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Judge Allows NSA Wiretaps for Another Week

Thursday, 28 September 2006 12:00 AM

WASHINGTON -- The federal judge who ordered a halt to the Bush administration's program of domestic wiretapping on Thursday allowed the surveillance to continue for a week to allow an appeals court to weigh in on an issue expected to end up with the U.S. Supreme Court.

U.S. District Judge Anna Diggs Taylor in Detroit denied the Justice Department's request for a lengthy stay pending an appeal of her August ruling that the National Security Agency's five-year-old surveillance program violates the civil rights of Americans, the lawyer who brought the lawsuit said.

Instead, Taylor gave the government a seven-day window to get a stay from a federal appeals court before that court hears arguments on the legality of the wiretap program.

The American Civil Liberties Union filed the suit in March on behalf of scholars, attorneys, journalists and non-profit groups that regularly communicate with people in the Middle East.

Taylor's ruling came as Congress sought to craft and pass legislation that would spell out when and how a president can order electronic surveillance without a warrant.

Although that legislation would provide a legal framework for the NSA program, the wiretaps could still be found by U.S. courts to violate the Constitution. The issue is expected to end up before the U.S. Supreme Court.

"I think it's a further recognition that the program is inflicting ongoing harm on not just our plaintiffs but on the constitutional rights of others as well," ACLU staff attorney Jameel Jaffer said of Taylor's ruling.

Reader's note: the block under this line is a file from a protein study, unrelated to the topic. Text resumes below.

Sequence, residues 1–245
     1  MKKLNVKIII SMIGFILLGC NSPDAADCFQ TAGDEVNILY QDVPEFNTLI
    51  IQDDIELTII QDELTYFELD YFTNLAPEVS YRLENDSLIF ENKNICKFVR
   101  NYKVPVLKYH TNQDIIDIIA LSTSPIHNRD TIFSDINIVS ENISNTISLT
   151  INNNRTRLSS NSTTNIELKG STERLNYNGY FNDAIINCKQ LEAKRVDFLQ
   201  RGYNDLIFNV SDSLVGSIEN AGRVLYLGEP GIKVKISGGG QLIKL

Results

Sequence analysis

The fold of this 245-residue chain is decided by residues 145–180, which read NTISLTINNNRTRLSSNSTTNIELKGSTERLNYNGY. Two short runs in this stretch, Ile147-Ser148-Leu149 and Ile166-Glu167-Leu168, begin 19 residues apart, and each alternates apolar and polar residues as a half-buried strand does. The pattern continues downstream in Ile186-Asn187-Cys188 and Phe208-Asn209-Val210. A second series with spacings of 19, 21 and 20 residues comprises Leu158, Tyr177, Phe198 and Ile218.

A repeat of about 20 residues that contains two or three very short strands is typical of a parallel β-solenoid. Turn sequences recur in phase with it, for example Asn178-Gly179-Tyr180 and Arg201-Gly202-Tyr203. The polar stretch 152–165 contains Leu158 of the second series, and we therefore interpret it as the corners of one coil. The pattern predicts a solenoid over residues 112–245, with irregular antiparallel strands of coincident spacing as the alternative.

The White House argues that the NSA program is needed to protect Americans from terrorism.

But the program has been criticized by civil rights activists and raised concern among lawmakers, including some in President George W. Bush's own Republican Party, who say he may have overstepped his powers.

Bush authorized the NSA program after the September 11 attacks on the United States, although the public only learned of its existence last year.

The program allows the government to eavesdrop on the international phone calls and e-mails of U.S. citizens without obtaining a warrant, if those wiretaps are made to track suspected terrorist operatives.

The Justice Department had asked Taylor to allow the program to continue until the 6th U.S. Circuit Court of Appeals in Cincinnati hears the government's appeal.

That process could take months, the ACLU's Jaffer said.

(c) 2006 Reuters. All rights reserved.

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WASHINGTON -- The federal judge who ordered a halt to the Bush administration's program of domestic wiretapping on Thursday allowed the surveillance to continue for a week to allow an appeals court to weigh in on an issue expected to end up with the U.S. Supreme...
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Thursday, 28 September 2006 12:00 AM
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